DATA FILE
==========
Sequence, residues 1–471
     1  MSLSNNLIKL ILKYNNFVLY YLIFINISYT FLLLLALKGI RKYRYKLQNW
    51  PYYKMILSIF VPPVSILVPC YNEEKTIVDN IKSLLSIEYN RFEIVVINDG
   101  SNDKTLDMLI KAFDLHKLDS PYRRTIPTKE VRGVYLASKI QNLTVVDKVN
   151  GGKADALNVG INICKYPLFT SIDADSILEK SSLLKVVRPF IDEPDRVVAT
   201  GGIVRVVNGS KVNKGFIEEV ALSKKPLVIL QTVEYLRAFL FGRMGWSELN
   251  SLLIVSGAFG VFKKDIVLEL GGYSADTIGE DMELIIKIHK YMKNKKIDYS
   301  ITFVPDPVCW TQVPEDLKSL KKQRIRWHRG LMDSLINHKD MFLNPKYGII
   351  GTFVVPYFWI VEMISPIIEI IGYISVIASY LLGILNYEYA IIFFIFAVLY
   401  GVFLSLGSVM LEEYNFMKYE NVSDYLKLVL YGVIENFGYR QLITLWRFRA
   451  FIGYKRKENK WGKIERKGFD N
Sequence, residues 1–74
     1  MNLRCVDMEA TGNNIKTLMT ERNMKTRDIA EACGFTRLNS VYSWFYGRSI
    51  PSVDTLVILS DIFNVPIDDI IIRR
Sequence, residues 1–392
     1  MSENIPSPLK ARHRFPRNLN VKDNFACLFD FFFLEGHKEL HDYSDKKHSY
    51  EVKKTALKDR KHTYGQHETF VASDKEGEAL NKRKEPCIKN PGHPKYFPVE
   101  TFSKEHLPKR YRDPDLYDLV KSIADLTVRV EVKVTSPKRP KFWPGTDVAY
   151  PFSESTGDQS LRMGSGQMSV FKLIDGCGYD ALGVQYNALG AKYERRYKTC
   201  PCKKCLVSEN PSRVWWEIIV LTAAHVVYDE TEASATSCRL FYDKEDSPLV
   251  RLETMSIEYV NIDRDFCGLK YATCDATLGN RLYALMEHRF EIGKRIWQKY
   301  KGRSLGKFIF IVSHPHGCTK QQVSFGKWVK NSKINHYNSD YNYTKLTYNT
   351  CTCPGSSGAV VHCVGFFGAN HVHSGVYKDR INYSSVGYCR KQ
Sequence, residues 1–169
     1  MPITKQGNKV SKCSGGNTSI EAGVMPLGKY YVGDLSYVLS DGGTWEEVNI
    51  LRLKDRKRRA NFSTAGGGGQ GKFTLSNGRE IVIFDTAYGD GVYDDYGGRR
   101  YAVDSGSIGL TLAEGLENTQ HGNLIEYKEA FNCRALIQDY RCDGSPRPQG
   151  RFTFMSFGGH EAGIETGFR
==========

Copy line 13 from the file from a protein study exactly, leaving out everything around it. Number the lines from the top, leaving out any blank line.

     1  MNLRCVDMEA TGNNIKTLMT ERNMKTRDIA EACGFTRLNS VYSWFYGRSI